The X-47B flies on 3.5 million lines of software code.
The Navy has not found technology challenges in developing the Northrop Grumman X-47B unmanned combat air system aircraft, Capt. Jaime Engdahl, program manager for the system, told a press briefing Friday.
Designed to fly autonomously without a ground-based pilot, unlike drones such as the Air Force’s Predator, the X-47 successfully completed its first catapult launch Thursday from the Naval Air Station in Patuxent River, Md. The craft then flew and landed back at the base, said Carl Johnson, the Northrop Grumman program manager.
The Navy loaded the second X-47B demonstrator on the Norfolk, Va.-based USS Harry Truman aircraft carrier on Tuesday for flight deck test operations. A catapult launch and flight test for the unmanned aircraft from an East Coast-based carrier is slated for the summer of 2013.
The Navy last year conducted flight tests of the X-47B at Edwards Air Force Base, Calif., transported the drone to Patuxent River this year and ran a successful 36-minute flight test in July over the Chesapeake Bay.
In addition to these live tests, Navy and Northrop Grumman officials said the X-47B has flown thousands of flights in a computer simulation lab, and Engdahl said that the service “has not found any technology challenges” through any stages of flight, including launch, simulated aerial refueling and landing.
Mike Mackey, another Northrop Grumman program director, said the aircraft is managed by 3.5 million lines of software code. Engdahl said this software digitizes the view a pilot would have for flight operations, including carrier landings.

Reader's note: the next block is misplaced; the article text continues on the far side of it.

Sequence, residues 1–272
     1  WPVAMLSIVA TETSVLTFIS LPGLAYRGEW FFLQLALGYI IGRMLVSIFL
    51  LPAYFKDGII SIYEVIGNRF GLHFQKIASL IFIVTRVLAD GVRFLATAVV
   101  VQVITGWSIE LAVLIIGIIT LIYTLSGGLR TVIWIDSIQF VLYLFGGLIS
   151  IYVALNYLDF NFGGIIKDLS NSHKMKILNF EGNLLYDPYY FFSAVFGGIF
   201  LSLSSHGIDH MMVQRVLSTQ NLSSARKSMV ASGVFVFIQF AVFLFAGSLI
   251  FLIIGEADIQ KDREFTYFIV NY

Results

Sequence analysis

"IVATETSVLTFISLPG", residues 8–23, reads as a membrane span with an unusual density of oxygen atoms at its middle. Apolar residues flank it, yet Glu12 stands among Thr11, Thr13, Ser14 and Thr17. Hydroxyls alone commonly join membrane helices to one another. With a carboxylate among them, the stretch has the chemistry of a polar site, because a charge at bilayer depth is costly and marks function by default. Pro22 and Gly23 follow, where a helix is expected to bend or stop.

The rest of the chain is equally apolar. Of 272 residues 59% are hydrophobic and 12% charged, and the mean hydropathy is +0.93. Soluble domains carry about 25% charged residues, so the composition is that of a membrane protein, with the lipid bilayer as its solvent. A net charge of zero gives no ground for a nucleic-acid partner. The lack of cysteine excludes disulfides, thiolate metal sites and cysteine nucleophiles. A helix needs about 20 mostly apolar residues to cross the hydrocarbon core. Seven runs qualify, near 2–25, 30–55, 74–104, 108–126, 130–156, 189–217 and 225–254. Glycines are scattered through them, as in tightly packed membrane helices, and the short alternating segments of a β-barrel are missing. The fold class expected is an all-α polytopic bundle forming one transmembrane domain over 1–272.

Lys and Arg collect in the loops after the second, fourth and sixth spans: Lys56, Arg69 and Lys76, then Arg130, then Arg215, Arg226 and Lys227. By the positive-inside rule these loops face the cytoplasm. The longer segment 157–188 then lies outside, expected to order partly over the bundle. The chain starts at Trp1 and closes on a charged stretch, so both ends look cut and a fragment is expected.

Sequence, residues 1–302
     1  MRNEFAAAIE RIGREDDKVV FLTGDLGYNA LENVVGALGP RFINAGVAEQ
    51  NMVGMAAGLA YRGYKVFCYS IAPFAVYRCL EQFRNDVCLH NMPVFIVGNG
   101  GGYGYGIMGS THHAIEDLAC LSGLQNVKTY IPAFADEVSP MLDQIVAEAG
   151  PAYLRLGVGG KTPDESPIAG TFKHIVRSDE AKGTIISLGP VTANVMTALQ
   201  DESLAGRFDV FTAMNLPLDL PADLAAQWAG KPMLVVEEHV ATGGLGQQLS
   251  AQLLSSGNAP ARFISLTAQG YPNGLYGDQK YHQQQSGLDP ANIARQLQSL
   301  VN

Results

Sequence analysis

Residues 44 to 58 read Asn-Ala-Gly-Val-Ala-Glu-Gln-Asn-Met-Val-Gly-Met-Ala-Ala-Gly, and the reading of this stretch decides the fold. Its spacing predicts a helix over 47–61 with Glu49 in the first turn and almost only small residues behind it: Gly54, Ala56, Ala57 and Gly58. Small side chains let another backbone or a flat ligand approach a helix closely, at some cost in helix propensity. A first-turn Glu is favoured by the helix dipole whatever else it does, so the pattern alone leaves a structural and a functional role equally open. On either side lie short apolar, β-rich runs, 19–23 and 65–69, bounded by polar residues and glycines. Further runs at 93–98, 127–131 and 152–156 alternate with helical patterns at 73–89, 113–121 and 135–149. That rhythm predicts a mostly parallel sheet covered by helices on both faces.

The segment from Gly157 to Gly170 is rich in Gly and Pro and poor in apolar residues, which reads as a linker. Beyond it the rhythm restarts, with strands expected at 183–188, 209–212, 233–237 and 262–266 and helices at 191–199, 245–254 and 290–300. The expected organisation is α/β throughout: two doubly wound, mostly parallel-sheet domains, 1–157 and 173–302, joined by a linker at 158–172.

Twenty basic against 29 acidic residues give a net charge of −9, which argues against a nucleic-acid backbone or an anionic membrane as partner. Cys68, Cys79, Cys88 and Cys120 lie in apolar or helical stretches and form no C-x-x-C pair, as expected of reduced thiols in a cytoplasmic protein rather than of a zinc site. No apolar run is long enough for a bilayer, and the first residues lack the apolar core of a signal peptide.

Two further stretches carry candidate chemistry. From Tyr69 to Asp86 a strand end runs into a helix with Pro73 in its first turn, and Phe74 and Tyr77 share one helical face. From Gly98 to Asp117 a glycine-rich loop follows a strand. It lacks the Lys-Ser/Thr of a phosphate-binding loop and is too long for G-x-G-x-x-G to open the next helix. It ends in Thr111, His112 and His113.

Software is also installed in carrier air traffic control systems, with a version of that software installed at Patuxent River. While the X-47B flies autonomously, it still is monitored by a live operator, Engdahl said.
Precision GPS systems installed on a carrier and on the X-47B provide a glide slope path to guide the aircraft onto the ship, he said.
The X-47B’s autonomous flight on Thursday stayed within inches of the programmed flight path, Johnson said, compared with the four-mile deviation allowed for commercial aircraft using precision navigation systems over the Atlantic.
Thursday’s launch and the flight deck tests on the Truman are manually controlled by a Northrop-developed control display unit which allows an operator to control engine thrust, nose wheel steering and brakes. “The CDU is fundamental to integrating the X-47B into carrier deck operations," said Daryl Martis, Northrop’s test director.
"It will allow us to move the aircraft quickly and precisely into the catapult for launch, or out of the landing area following recovery,” he said. “Both of these activities are essential to maintaining the rhythm of the flight deck.”